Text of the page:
In order to understand the events in John, the Roman measurement of time must be applied.  John 18:28, “Then led they Jesus from Caiaphas unto the hall of judgment: and it was early; and they themselves went not into the judgment hall, lest they should be defiled; but that they might eat the Passover.”  Jesus had eaten the Passover meal on the previous evening.  The Roman’s Passover meal was to be that evening (Wednesday).  Jesus had been to Gethsemane and arrested on Tuesday night in Roman time.  Jesus’ trial was at 6 A.M. Wednesday morning in Roman time.  John 19:14, “And it was the preparation of the Passover, and about the sixth hour: and he saith unto the Jews, Behold your King!”  (Please note that this verse refers to the preparation of the Passover and not the preparation of the Special Sabbath as in John 19:31.)  The Romans were preparing for the Passover just as Jesus had instructed his disciples to do on the prior night in Luke 22:8, “And he sent Peter and John, saying, Go and prepare us the Passover, that we may eat.”

Now in order to understand the following events, the Hebrew measurement of time in Matthew must be applied.  Matthew 27:1-2, “When the morning was come, all the chief priests and elders of the people took counsel against Jesus to put him to death:  2 And when they had bound him, they led him away, and delivered him to Pontius Pilate the governor.”  In this time, this would have still been Wednesday.  The Passover meal was eaten at sunset on this day and the trial was the following morning, still Wednesday.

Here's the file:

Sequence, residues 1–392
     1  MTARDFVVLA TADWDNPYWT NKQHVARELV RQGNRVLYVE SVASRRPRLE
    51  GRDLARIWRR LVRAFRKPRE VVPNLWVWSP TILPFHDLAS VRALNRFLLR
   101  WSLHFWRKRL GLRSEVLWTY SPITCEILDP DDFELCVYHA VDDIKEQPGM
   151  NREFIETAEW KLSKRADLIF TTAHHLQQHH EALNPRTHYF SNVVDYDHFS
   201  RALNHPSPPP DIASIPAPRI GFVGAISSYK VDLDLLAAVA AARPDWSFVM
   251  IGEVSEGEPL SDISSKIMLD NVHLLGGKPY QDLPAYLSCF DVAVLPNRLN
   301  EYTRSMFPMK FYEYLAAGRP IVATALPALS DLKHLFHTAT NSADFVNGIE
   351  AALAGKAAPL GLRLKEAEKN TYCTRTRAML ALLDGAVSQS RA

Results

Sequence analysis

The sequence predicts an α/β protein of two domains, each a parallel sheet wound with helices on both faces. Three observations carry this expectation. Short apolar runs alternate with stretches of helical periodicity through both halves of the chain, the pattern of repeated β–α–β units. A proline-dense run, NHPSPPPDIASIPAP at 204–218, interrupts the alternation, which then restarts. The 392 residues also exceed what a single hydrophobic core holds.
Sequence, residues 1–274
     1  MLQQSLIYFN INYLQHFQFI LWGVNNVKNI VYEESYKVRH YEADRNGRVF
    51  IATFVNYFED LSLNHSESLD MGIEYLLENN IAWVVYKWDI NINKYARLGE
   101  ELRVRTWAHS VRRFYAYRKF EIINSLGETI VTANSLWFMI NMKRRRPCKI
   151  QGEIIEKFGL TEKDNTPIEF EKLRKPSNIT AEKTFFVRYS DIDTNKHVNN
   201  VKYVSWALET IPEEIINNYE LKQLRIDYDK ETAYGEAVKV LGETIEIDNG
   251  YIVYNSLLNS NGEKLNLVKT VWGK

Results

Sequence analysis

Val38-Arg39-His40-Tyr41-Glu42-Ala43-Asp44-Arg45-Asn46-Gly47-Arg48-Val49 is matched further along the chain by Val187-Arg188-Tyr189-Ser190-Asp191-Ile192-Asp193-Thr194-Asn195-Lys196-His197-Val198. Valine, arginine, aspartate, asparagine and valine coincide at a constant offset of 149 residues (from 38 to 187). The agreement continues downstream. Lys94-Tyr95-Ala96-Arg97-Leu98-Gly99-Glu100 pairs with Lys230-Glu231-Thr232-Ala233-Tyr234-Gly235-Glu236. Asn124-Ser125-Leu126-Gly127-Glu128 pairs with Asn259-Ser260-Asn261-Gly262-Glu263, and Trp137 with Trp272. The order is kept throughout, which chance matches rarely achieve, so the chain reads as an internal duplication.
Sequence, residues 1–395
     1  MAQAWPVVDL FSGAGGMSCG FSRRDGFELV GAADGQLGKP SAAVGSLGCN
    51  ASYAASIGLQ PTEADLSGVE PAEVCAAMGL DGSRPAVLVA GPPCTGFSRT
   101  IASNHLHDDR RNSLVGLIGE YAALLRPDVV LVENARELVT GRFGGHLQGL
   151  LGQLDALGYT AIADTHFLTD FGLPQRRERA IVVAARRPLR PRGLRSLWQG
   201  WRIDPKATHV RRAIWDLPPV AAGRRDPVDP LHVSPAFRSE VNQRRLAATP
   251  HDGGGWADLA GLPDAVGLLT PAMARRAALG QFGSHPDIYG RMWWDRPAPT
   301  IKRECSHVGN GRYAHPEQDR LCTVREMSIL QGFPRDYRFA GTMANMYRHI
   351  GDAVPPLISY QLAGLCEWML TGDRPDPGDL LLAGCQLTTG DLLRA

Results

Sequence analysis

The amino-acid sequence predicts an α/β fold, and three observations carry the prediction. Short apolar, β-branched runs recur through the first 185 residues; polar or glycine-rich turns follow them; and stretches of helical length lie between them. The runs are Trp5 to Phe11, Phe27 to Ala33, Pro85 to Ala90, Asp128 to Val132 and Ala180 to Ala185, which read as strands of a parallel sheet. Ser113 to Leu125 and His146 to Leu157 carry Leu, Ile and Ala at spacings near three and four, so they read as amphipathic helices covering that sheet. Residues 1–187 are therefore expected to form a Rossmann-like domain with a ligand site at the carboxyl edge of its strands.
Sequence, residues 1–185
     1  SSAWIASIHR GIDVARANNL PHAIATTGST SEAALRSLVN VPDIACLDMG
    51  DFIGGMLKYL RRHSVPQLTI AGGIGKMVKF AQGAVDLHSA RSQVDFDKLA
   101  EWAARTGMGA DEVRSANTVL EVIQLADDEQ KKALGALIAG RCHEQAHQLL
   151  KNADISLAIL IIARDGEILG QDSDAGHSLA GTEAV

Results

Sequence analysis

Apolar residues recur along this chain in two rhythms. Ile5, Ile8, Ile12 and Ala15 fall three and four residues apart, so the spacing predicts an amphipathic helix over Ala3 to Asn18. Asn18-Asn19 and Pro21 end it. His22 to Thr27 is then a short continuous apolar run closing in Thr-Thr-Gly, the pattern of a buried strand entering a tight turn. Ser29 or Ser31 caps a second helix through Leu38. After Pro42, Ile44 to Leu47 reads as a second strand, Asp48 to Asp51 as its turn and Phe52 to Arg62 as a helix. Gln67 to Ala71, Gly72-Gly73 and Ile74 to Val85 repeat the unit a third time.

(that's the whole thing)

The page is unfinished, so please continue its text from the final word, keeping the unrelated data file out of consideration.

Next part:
The events in order of occurrence on that Wednesday (Hebrew time) were as follows:  At sunset, the Passover meal was eaten, then Jesus went to the garden of Gethsemane to pray until the time of his arrest by the Roman soldiers.  The sun came up (still Wednesday) and his trial before Pontius Pilate began.  Jesus was placed on the cross at the third hour, which was 9 A.M.  Matthew 27:45-50:

45 Now from the sixth hour there was darkness over all the land unto the ninth hour.  46 And about the ninth hour Jesus cried with a loud voice, saying, Eli, Eli, lama sabachthani? that is to say, My God, my God, why hast thou forsaken me?  47 Some of them that stood there, when they heard that, said, This man calleth for Elias.  48 And straightway one of them ran, and took a spunge, and filled it with vinegar, and put it on a reed, and gave him to drink.  49 The rest said, Let be, let us see whether Elias will come to save him.  50 Jesus, when he had cried again with a loud voice, yielded up the ghost.

Jesus was on the cross for six hours and died at the ninth hour, which was 3 P.M. and nearing the end of the day (Wednesday) for the Jews.  

The Jews were in a hurry to bury Jesus because Thursday was fast approaching and it was to be the Special Sabbath in which no work could be done.  John 19:31, “The Jews therefore, because it was the preparation, that the bodies should not remain upon the cross on the Sabbath day, (for that Sabbath day was a high day,) besought Pilate that their legs might be broken, and that they might be taken away.

Thursday came and went with no work being able to be done.  On Friday, they prepared spices for Jesus’ body.  Mark 16:1 lists those who prepared the spices.  This included Mary Magdalene, Mary the mother of James, and Salome.  The following day, Saturday, was the regular Sabbath and again, no work could be done.  Luke 23:56, “And they returned, and prepared spices and ointments; and rested the Sabbath day according to the commandment.”